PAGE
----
If you don’t live in North Buffalo, chances are that you are not familiar with Shoshone Park. The park sits along Hertel Avenue (near Main Street), but is not clearly visible due to tree coverage in the summer. Shoshone boasts a number of park amenities, and is most widely know for the sports that are played there, softball being the biggest draw. There is a pool, a basketball court, a tennis court, a playground, softball diamonds, a field house, a walking/jogging trail, and future rails to trails connectivity (connecting Taunton Place to Shoshone Park).
Over the years there have been plenty of ups and downs for Shoshone Park, mostly in the litter department. More often than not, neighbors are the ones that have to keep the place tidy. Recently, it came to the attention of neighbors that the park tree canopy was in jeopardy. It turns out the almost all of the trees are ash. That means that they are susceptible to the wrath of the Emerald Ash Borer, a bug that is wreaking havoc on ash trees far and wide.
Now, one BRO reader is asking the question, “What is The City doing in regards to the future of the park?” It won’t be long before the heavy damage brought on by the invasive bug will leave the park barren of trees. From our reader:
Unfortunately the Emerald Ash Borer has made its was to Shoshone Park and the majority of the trees are scheduled for removal over the next decade. It was mentioned in the meeting with Councilman Wyatt that only eight trees in Shoshone Park are not ash trees. This issue ties into the lack of a Master Plan for this highly used neighborhood park, many repairs/renovations have been made but many more are still needed. The majority of investments made pertain to North Buffalo Little League (baseball diamonds, field house, parking area etc) – the infrastructure in need of most repair/replacement is valued by neighborhood residents. Overall there is a lack of upkeep. The park has elevation (drainage) issues that render it highly unusable after rain. There is also a walking track, or service road that needed to be ripped out a decade ago (or completely overhauled). The lack of investment in Shoshone is highly evident with the new bike bath that is been built to its rear.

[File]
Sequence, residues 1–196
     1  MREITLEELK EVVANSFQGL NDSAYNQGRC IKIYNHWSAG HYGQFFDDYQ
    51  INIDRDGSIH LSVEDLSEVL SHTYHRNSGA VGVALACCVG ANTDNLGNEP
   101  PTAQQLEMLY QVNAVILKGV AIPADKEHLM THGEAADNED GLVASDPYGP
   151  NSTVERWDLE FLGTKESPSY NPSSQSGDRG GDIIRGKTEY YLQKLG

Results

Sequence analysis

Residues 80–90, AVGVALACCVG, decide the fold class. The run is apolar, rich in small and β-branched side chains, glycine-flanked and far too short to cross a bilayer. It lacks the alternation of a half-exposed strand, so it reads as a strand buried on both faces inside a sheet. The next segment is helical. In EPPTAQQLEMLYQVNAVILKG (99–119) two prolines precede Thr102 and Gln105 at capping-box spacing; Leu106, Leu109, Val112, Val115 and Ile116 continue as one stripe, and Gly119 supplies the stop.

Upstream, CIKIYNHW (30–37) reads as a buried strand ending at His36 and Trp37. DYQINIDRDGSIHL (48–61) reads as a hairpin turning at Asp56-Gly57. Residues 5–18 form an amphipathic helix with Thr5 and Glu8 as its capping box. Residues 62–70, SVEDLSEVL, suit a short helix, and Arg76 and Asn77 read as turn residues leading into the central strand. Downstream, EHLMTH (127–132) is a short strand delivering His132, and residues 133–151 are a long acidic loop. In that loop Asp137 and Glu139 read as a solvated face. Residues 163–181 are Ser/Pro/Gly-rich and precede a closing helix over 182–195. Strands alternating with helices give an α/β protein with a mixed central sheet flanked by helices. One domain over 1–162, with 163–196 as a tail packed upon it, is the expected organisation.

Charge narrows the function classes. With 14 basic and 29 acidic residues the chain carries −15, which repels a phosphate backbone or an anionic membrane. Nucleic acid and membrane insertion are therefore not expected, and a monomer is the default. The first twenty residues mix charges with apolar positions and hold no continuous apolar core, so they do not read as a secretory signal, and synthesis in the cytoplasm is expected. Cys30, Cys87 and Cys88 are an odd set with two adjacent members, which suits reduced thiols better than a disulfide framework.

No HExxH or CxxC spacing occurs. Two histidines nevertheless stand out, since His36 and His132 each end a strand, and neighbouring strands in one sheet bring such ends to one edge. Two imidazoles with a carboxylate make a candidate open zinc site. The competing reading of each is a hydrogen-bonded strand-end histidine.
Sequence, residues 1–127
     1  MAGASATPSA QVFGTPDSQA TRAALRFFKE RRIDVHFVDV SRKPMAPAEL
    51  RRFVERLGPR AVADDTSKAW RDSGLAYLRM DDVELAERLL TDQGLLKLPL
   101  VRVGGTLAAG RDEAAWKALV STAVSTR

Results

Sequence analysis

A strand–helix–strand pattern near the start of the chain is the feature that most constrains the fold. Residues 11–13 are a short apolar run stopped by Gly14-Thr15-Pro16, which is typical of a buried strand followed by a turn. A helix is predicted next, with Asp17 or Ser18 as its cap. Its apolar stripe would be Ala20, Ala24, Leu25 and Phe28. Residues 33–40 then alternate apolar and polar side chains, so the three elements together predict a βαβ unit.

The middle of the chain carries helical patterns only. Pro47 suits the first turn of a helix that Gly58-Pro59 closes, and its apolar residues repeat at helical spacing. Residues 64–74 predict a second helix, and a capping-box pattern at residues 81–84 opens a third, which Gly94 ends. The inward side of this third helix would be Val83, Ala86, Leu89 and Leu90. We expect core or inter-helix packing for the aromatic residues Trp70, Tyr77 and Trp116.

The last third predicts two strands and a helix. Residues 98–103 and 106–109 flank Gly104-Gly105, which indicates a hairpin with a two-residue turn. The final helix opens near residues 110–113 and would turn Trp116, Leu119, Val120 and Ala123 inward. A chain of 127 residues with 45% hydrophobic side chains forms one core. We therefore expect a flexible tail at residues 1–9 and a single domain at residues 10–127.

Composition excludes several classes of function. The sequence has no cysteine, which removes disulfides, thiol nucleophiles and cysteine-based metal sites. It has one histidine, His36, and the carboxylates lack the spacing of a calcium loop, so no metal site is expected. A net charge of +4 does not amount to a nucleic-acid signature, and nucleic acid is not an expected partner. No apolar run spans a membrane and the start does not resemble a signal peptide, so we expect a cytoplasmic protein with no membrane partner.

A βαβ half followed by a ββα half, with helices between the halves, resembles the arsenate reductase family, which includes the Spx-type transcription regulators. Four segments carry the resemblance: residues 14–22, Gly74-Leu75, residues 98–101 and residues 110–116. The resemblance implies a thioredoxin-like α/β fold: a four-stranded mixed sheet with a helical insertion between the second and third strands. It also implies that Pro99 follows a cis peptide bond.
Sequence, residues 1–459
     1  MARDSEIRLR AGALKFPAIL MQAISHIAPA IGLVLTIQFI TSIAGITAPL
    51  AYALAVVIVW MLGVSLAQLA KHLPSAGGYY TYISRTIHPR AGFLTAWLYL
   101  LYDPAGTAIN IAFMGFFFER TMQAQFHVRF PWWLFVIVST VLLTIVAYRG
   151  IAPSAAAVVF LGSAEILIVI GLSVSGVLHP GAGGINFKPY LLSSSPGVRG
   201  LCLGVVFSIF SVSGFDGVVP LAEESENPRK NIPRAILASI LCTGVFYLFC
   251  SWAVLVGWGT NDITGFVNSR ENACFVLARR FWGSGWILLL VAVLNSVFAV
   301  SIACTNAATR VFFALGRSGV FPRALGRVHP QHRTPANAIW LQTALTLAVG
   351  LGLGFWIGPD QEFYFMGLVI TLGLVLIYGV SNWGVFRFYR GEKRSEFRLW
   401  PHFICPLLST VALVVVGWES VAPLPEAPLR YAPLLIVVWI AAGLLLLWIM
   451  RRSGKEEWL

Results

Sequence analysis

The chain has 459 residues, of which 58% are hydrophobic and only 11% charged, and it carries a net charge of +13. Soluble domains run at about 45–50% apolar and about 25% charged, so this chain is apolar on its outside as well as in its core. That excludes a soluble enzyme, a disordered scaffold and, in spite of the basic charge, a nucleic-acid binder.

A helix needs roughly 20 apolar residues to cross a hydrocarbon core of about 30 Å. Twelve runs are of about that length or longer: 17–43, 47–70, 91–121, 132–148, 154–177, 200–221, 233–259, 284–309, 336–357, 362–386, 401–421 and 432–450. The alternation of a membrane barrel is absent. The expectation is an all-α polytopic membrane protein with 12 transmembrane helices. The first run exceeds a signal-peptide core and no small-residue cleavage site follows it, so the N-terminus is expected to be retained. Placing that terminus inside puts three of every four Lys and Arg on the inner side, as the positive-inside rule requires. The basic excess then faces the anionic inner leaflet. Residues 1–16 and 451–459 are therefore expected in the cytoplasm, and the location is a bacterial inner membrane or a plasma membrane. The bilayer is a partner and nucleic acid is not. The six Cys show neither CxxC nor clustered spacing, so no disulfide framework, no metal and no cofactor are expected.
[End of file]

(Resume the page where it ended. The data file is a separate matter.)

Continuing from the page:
It’s unfortunate that a park of this nature, that is located in such a tightly knit residential neighborhood, is not servicing the residents as it should. At the same time, the potential of this park is outstanding, especially now with the planned bike/walking trail connectivity. The decimation of almost every tree is going to be a real wake up call for this park. Plantings of alternated tree species should already be underway. These types of neighborhood parks can either enhance livability, or create problems that include graffiti tagging and safety issues – the fewer residents that use the park, the more problematic they become. The state of the trees goes hand-in-hand with the upward/downward direction that the park will take. It would behoove The City to came up with a plan for the replacement of the ash trees sooner rather than later.
According to the North Buffalo Organization, Ross Hassinger, Buffalo’s City Forester, is well aware of the issue and will be taking a closer look at the problem. The City is will do its best to come up with a gradual yet effective strategy to deal with the tree loss (approximately 1000 trees are at stake).